RCT Labour Cabinet will this week launch a consultation on the second phase of their proposed cuts. The exact amount of the gap they are trying to bridge has been somewhat of a moveable feast, but the latest report suggests they need to find £19.6 of savings / extra income in 2014/15.
That means even if they ok all the proposals in phase one and two then they will still be £7.235million short of where the Finance Director says they need to be.
RCT Welsh Liberal Democrat Campaign manager Karen Roberts says
"Some of this will come from the changes agreed in November to workers contracts and voluntary early retirement payments, although there has been no definite figure given for that.
"The rest will have to come from further cutbacks in services or a rise in income.
"There are still non statutory services which the Council provide which they may decide to cut. Home to School transport is one example where RCT provide more than they have to by law. The annual bill is huge and growing all the time. It would be another unpopular move amongst those affected but is an area where savings could be made.
"The PR and Strategy department and the associated advertising costs we have said all along should be cut. Part of that department covers events, but it seems little revenue comes in from them. Why not? If RCT are going to arrange events such as the Big Weekend, alone or in partnership, then they should be making money from them.
"RCT are planning on closing some leisure centres but keeping others on - they could have followed the example of other councils and put them out to private contract. They are thinking of closing the Muni Arts Centre but keeping open two other theatres that bring in less income. Why? Are councils the best people to run theatres? Maybe they should all be run by private enterprise or community groups.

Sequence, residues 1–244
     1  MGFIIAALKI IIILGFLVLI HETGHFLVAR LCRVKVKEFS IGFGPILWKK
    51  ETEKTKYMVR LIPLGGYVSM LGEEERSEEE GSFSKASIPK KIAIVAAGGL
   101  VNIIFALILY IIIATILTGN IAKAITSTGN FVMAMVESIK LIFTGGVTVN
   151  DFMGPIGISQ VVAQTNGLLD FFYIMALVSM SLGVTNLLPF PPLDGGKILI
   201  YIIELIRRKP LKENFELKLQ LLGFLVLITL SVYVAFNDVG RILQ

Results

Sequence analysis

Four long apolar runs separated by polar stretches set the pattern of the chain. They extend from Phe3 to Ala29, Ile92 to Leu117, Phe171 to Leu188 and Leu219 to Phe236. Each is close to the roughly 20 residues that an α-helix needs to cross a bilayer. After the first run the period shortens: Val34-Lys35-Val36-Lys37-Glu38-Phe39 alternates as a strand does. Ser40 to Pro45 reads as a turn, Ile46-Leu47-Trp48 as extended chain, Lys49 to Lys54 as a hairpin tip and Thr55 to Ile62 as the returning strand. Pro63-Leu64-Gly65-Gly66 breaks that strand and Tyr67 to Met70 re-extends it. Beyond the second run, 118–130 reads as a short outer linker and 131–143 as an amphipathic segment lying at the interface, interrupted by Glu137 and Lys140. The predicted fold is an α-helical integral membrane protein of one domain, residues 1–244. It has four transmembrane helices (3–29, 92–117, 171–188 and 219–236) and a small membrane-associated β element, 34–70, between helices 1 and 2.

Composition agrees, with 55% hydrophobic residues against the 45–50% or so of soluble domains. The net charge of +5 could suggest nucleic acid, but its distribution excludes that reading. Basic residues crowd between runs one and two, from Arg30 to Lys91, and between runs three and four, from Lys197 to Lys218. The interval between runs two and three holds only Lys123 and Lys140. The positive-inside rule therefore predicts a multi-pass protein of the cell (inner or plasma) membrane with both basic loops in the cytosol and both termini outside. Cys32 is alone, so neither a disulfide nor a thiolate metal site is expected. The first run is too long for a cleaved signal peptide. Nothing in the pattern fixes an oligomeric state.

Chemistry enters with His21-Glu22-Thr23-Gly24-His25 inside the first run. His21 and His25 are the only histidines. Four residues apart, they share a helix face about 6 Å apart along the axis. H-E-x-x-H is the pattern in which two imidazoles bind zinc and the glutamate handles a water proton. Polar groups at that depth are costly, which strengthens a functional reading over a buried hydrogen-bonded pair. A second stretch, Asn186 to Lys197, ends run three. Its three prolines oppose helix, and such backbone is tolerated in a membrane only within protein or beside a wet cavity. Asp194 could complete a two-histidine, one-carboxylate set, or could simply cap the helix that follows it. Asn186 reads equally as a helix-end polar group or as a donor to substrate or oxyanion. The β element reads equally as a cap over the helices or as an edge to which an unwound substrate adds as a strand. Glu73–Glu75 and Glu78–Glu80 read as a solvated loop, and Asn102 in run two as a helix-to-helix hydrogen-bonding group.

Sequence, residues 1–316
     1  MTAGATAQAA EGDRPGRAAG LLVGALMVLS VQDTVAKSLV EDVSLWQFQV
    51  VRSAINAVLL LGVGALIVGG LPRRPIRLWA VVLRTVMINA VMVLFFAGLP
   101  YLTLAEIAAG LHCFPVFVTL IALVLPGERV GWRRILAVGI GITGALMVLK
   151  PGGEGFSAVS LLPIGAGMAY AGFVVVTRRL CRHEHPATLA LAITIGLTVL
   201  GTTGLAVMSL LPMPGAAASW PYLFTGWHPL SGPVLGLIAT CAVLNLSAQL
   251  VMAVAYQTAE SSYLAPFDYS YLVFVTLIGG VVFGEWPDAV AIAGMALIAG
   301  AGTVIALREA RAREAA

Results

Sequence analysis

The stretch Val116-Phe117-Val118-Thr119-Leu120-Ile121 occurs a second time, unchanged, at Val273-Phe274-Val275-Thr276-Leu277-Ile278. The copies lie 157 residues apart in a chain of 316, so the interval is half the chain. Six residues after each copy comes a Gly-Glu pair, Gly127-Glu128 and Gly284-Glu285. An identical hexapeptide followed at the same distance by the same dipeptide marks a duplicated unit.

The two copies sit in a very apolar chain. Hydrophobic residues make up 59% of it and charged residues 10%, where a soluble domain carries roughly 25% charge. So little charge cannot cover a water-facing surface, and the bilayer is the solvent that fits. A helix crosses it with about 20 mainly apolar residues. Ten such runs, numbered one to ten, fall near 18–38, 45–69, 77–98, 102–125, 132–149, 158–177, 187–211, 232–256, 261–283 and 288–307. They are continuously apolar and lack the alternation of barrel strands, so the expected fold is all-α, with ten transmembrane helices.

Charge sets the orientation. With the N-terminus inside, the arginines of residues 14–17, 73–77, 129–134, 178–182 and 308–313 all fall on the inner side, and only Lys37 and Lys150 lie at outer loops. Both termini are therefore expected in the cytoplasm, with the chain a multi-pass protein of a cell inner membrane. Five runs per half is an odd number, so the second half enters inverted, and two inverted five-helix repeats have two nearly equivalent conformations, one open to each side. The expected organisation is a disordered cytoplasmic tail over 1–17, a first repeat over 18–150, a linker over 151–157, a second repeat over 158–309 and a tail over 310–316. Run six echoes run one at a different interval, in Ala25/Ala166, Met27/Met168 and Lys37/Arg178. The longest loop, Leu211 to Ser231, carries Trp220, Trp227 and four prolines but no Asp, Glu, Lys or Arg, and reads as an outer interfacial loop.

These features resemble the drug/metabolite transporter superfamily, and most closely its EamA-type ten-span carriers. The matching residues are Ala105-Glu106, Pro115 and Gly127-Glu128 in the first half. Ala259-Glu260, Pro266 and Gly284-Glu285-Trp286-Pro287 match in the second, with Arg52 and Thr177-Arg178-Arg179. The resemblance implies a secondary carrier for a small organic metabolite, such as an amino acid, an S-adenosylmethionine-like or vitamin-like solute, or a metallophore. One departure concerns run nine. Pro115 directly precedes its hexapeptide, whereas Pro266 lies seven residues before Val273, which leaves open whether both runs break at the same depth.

"They also provide other services they have no need to. Day nurseries for instance. The Council set up several nurseries under the now defunct Genesis project. They pay their staff more than private providers can afford, and spend a considerable amount on staff based at the Education department to oversee them. Why?
"Of course the sensible thing would have been for the Council to take a look at the budget as a whole and not break it up into chunks as they have. Then people could have had a much better idea of what is going on."
How the figures add up so far:
Nursery education 4.5m
Meals on wheels 0.3m
Youth provision 2.2m
Day centres 0.6m
Adult care 0.134m
Telecare charging 0.118m (income)
EMI care charges 0.060m (income)
Respite care charges 0.032m (income)
Heritage services 0.350m
Bus routes 0.4m
Paddling pools 0.181m
Leisure centres 1.2m
Changes agreed in November to workers contracts
Defunct Genesis project.